In my previous comments I assumed that ChronoSync is used to synchronize a database on two or more computers (either by bidirectional syncs or by alternating left to right and right to left backups). However, as you indicate, if ChronoSync is used to mirror a database on another computer (that is if you always backup in the same direction, synchronize deletions and do not modify the target) there is nothing wrong with dissecting packages. On the contrary in that case it seems to me the preferred option (because it is faster, both compared to DEVONThink sync and to ChronoSync without dissecting packages).

In that case there is also no need to do a trial sync each time you back up.

It is best to sync only when the database is closed on both computers, but if, by accident the source database is open you can simply ignore the errors you get when opening the target database. If the target database is open when the sync starts it might crash, but these problems will be disappeared when you reopen it after the sync.

If you always back up in the same direction and synchronize deletions even modifying the target will not cause troubles except that you loose all the modifications at the next sync (it cannot corrupt your database).

Thanks for the correction!

Comment: I have no problem with korm’s decision to keep using ChronoSync, as he has a well-tested workflow that works for him.

For reasons including (but not limited to) the way Dropbox handles DEVONthink package file databases, we don’t recommend running databases directly in Dropbox. The Sync procedure doesn’t upload a package file to Dropbox, and works around other issues that have been identified with Dropbox. Think of it as uploading to Dropbox a “store” of the database contents and metadata (that first upload may be lengthy for a large database). Then a Mac using that database can Sync to Dropbox, receiving any changes that have been made in the store and uploading to the store changes made on that Mac’s database. So Sync is an incremental procedure. Sync can be invoked manually or on a set schedule.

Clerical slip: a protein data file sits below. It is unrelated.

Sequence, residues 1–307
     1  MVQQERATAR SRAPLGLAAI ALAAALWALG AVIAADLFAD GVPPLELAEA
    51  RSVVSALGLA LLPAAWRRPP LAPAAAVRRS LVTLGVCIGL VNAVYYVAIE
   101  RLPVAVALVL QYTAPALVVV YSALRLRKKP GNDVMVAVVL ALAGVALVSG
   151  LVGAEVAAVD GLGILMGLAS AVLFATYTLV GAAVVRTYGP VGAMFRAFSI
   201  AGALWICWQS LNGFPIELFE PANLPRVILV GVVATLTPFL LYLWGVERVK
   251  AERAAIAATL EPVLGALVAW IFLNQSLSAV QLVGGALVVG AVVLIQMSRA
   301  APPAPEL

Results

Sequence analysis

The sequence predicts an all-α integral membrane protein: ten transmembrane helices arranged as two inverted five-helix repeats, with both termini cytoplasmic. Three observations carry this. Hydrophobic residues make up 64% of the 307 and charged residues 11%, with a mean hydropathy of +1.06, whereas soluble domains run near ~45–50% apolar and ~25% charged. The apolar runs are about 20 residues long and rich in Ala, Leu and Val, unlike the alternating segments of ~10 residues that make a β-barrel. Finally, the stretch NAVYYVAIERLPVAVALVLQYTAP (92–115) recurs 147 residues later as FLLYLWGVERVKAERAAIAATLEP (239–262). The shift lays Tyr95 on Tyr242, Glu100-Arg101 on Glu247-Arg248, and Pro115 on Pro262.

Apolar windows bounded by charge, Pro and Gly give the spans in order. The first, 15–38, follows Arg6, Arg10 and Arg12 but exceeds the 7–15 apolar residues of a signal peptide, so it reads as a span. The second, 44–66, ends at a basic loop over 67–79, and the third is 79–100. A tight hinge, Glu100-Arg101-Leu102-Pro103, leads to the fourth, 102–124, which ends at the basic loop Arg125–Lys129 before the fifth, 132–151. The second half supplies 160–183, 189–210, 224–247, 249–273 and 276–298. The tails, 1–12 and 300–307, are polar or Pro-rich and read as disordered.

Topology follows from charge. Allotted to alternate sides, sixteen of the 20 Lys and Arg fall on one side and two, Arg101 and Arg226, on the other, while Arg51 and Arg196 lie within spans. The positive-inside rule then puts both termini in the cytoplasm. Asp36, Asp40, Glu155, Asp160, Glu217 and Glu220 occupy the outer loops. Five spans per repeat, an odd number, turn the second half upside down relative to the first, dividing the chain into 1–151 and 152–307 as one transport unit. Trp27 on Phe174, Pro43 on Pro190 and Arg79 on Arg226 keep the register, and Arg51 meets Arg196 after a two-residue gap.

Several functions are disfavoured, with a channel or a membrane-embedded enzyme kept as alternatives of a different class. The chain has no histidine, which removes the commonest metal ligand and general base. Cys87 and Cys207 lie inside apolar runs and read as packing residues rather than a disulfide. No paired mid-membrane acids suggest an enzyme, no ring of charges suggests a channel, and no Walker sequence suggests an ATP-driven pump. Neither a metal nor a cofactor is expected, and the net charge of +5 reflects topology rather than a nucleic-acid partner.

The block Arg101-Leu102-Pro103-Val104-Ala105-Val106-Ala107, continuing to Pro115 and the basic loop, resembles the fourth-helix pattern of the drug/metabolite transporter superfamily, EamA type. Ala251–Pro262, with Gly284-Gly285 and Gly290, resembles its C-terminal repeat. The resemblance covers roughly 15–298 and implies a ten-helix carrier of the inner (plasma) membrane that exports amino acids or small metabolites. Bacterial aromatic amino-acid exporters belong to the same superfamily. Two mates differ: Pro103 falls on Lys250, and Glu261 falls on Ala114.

Sync isn’t limited to “cloud” sync, but can also be done among Macs in a local environment, which I generally prefer. Indeed, one might choose to sync some databases via the cloud and others via direct connection.

Sync doesn’t require third part software.

Sync provides for sharing databases among multiple users. It does not, however, simultaneously update multiple users. Successful use of database sharing in a workgroup will require understanding both of Sync’s capabilities and its limitations. For example, if an important document is added to or modified in a database, external communications would be required to alert the members of the workgroup. Individuals should be designated as having decision-making authority for certain purposes, such as the content and updating of a certain operating procedures document, or the structure of the database – otherwise, chaos could result. (I once took on the job of supervising the development of hundreds of technical SOPs (Standard Operating Procedure) documents for an agency. Individuals were designated as having the authority and responsibility for development, approval (including review and comment by others) and maintenance (including responsibility to ensure the SOP is followed by others) and updating of each SOP. Rules and their enforcement (including an SOP for SOPs :slight_smile: ) were necessary to result in success. At times this felt like trying to herd cats. But the job got done.)

Please don’t regard Sync as a backup procedure. I continue to use Time Machine and Database Archives for backups.